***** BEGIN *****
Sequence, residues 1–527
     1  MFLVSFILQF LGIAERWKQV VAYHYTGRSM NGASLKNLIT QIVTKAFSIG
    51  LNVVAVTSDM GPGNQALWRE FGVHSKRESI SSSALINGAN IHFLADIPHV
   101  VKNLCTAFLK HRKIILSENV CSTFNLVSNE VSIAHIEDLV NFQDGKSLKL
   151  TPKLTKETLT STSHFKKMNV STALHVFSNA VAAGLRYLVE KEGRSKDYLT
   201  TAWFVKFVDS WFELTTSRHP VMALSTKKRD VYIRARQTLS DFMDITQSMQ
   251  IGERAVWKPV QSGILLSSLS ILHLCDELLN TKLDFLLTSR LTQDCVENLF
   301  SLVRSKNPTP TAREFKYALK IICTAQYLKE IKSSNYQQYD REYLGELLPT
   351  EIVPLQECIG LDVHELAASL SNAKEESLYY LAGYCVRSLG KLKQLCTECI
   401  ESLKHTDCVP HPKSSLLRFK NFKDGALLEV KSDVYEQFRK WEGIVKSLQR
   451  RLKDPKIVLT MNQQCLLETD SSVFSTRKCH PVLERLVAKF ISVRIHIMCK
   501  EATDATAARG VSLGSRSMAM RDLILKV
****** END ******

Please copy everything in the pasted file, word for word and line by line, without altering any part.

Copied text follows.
Sequence, residues 1–527
     1  MFLVSFILQF LGIAERWKQV VAYHYTGRSM NGASLKNLIT QIVTKAFSIG
    51  LNVVAVTSDM GPGNQALWRE FGVHSKRESI SSSALINGAN IHFLADIPHV
   101  VKNLCTAFLK HRKIILSENV CSTFNLVSNE VSIAHIEDLV NFQDGKSLKL
   151  TPKLTKETLT STSHFKKMNV STALHVFSNA VAAGLRYLVE KEGRSKDYLT
   201  TAWFVKFVDS WFELTTSRHP VMALSTKKRD VYIRARQTLS DFMDITQSMQ
   251  IGERAVWKPV QSGILLSSLS ILHLCDELLN TKLDFLLTSR LTQDCVENLF
   301  SLVRSKNPTP TAREFKYALK IICTAQYLKE IKSSNYQQYD REYLGELLPT
   351  EIVPLQECIG LDVHELAASL SNAKEESLYY LAGYCVRSLG KLKQLCTECI
   401  ESLKHTDCVP HPKSSLLRFK NFKDGALLEV KSDVYEQFRK WEGIVKSLQR
   451  RLKDPKIVLT MNQQCLLETD SSVFSTRKCH PVLERLVAKF ISVRIHIMCK
   501  EATDATAARG VSLGSRSMAM RDLILKV